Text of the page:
Caffeine is used to addict consumers to pop, not to enhance flavour. That's the finding of researchers at Johns Hopkins University in Chicago.

The study found most people can't taste the difference between caffeinated and non-caffeinated drinks. Only 8 per cent of a group of 25 people noticed the difference.

The rest didn't notice a difference until the amount of caffeine added was beyond the accepted levels approved by the American Food and Drug Administration.

The study was published by the American Medical Association in Archives of Family Medicine.

According to the study, about 70 per cent of soft drinks in North America contain caffeine.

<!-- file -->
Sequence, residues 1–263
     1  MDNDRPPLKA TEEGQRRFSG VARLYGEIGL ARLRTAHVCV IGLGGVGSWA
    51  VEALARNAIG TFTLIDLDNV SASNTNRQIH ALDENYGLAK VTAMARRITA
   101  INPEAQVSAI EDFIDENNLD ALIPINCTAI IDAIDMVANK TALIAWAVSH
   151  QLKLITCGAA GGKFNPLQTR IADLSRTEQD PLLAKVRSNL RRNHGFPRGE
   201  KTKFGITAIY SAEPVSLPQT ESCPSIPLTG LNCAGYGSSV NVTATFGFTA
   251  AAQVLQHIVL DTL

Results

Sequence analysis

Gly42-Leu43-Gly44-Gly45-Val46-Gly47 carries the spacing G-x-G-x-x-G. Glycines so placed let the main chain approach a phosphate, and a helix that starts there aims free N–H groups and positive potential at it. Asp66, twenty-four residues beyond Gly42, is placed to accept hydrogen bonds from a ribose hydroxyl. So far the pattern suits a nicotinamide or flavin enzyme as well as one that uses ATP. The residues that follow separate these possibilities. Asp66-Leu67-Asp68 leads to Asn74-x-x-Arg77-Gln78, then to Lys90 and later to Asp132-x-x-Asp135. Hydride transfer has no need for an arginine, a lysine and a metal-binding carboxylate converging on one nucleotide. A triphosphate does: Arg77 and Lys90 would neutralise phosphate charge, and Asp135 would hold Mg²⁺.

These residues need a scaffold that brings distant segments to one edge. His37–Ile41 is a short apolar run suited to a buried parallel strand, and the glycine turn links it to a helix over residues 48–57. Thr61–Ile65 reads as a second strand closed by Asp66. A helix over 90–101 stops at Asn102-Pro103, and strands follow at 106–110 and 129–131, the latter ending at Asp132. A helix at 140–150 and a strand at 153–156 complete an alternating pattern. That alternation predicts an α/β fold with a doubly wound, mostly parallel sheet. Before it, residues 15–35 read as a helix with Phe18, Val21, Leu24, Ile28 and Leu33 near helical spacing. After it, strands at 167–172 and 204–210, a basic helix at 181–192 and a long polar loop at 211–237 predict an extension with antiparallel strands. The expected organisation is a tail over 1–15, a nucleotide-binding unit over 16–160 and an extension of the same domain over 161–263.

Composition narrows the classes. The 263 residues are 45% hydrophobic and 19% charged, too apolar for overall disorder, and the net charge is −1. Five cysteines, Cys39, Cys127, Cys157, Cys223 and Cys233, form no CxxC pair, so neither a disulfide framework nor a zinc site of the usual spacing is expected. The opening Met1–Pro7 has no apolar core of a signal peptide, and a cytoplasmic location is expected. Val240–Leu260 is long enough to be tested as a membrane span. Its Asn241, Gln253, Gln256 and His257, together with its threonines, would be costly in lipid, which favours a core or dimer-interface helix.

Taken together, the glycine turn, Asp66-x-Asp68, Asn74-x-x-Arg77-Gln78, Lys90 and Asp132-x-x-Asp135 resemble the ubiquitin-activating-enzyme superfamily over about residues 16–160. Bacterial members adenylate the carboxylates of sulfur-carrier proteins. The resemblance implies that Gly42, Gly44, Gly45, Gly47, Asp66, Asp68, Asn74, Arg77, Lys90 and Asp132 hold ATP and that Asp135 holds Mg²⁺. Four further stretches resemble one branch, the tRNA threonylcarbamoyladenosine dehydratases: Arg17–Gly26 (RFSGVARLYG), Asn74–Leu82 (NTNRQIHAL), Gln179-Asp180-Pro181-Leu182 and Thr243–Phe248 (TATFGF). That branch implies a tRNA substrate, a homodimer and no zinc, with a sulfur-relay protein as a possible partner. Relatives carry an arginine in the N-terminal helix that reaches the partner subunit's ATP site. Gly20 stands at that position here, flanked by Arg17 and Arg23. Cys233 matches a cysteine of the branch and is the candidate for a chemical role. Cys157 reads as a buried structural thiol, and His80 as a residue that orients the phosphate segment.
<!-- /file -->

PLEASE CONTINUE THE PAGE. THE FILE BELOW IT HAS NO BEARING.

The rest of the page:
The study is being blasted by people in the soft drink industry. A trade group representing soft drink producers said the study was poorly conducted and designed. It also said the conclusions are irresponsible and not based on science.

According to the study, soft drink consumption has doubled since 1975 and more pop is drunk than water.

This controversy is not new. In 1981 the American Food and Drug Administration called for caffeine to be eliminated from cola drinks. The industry responded by saying caffeine was used to enhance flavour, not to addict consumers.